Well, they're one of the teams that's very mature with a bunch of seniors and juniors and the coach has a great style that he has them playing and I think that they're one of the teams that's an NCAA Tournament team of our league and any time you're going to an NCAA Tournament team on the road which we unfortunately get to do twice this week. We're going to have our hands full, especially with a young team. I don't think that any of these guys, except maybe three of them, have played against that style, and against a team that runs it as crisp and at a pace that they do. We're going to have our hands full, but like I said right now we're just trying to get the UMass team and program playing at a rate and a level that I want them to play at, and I haven't worried so much about the opponents, but we will definitely study Richmond and have a better feel for what they're doing for Wednesday's game.

On if he has seen improvement in road games between the start of the season and now:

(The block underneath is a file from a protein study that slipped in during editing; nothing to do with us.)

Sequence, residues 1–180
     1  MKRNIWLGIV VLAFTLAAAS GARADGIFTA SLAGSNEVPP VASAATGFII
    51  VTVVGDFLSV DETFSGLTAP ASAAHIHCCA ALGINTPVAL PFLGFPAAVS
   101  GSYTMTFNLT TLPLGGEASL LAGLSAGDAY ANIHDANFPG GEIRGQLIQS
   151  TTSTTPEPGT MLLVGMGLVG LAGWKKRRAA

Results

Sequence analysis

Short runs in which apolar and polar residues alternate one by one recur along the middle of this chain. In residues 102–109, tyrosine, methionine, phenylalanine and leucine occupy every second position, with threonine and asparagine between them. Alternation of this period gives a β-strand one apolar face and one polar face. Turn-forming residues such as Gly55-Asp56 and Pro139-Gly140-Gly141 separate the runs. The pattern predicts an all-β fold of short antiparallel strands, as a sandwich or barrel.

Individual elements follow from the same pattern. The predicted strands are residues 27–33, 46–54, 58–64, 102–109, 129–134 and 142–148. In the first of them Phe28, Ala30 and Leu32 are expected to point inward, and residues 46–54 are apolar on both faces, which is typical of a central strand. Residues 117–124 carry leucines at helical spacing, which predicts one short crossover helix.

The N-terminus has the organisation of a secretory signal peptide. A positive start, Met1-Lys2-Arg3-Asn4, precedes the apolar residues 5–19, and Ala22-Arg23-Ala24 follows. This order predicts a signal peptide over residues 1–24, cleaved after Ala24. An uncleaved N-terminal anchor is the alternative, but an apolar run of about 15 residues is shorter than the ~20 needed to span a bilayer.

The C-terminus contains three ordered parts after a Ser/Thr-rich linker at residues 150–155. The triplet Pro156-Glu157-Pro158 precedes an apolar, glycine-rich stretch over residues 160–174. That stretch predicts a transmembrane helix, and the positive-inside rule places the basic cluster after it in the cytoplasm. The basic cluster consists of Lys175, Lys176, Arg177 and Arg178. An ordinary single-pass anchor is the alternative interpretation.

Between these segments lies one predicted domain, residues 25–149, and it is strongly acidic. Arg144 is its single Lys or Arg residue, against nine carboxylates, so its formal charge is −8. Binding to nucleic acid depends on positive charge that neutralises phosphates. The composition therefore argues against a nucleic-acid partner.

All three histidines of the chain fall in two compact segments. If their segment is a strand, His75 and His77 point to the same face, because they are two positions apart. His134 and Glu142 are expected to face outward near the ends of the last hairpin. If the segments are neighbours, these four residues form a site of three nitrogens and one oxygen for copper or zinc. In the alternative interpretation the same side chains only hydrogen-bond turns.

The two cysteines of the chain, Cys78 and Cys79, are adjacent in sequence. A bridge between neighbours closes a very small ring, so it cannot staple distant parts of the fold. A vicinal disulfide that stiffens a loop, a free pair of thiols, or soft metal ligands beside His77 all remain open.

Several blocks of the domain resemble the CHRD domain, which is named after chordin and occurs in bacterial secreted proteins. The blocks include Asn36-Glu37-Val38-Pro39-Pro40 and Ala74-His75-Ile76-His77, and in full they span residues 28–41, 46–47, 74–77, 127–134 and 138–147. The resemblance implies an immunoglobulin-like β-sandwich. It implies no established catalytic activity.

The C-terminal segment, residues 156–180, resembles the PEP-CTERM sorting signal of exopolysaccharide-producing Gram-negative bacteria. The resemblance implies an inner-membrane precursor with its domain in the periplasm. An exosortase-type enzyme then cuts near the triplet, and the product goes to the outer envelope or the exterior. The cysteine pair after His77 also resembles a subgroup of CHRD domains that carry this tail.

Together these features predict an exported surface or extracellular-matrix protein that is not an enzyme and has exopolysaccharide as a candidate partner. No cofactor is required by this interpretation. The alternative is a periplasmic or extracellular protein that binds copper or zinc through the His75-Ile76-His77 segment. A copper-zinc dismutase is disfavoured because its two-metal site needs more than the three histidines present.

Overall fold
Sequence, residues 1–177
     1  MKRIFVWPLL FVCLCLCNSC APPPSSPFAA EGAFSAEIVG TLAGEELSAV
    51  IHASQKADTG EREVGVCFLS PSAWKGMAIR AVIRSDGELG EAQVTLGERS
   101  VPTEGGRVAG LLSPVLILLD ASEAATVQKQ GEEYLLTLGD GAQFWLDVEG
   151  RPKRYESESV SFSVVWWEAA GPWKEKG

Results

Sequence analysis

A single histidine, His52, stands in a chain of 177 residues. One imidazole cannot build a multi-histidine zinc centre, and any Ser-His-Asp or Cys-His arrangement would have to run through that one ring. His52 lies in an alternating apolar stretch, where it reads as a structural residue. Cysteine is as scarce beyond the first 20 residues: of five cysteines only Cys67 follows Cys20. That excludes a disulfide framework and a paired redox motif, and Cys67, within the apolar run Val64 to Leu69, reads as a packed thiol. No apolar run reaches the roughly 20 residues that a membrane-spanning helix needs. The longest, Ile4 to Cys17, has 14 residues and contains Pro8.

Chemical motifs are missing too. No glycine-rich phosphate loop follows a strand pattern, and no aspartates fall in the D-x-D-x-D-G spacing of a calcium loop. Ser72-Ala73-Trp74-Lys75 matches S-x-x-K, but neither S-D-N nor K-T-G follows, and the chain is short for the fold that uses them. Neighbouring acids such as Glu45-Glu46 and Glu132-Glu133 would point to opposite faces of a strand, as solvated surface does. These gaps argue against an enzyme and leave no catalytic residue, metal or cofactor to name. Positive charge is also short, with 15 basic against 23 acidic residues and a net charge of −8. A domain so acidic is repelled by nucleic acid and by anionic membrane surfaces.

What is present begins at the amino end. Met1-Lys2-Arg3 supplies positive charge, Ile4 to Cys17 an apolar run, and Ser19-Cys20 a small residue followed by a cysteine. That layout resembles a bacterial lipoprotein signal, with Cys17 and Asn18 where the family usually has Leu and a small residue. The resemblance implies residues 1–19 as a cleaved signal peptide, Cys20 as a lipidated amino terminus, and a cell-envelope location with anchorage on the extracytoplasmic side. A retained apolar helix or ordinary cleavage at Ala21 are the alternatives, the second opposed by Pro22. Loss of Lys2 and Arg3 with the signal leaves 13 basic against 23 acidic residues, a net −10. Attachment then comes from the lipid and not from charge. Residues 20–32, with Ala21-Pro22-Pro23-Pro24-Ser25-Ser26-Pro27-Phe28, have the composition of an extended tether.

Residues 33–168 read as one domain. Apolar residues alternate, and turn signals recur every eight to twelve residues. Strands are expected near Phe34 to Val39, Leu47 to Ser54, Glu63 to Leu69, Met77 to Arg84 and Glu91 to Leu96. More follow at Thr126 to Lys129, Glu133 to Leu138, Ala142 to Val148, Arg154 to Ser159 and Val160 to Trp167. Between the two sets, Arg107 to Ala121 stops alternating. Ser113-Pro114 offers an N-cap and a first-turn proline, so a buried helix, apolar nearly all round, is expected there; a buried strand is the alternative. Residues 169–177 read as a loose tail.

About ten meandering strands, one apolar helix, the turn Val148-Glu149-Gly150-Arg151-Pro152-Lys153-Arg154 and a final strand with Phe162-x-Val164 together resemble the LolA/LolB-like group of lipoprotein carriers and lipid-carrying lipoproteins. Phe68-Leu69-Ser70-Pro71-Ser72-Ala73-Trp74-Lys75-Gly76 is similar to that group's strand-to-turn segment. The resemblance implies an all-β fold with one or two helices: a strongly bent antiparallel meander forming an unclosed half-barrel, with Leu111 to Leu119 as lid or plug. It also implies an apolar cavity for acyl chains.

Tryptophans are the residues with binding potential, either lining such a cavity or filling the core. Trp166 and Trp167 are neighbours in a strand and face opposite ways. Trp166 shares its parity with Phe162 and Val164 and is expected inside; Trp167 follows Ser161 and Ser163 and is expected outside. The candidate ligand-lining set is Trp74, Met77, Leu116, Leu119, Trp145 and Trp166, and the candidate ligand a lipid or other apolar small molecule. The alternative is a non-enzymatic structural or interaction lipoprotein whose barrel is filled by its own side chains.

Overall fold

I really hope so because the Central Florida and Seton Hall games were painful to watch. I think they're becoming more business-like. They are understanding what it takes to compete on the road. From how you eat to how you sleep, to the whole process of going to a shootaround and to studying film, there really is a science or a technique to making sure you can compete at a higher level, and I think our guys have matured since the Central Florida and Seton Hall games. Even the Memphis game was in Boston which gave us a chance to travel down there and stay over and play then and then the Boston College and Davidson games and even the La Salle game yesterday was in Springfield which meant, even though it was a home game, it was still a game that we could stay over and get that atmosphere. The more we can do as far as playing high-level teams and opponents, we can prepare for the Atlantic 10 this year, which is so difficult and tough. I'm looking at the schedule and every game is just a battle and a tough game and I'm not sure if any coach in the league knew it was going to be quite this difficult before the season began. While it's great for the league and everybody involved, it's also tough to be a coach this year.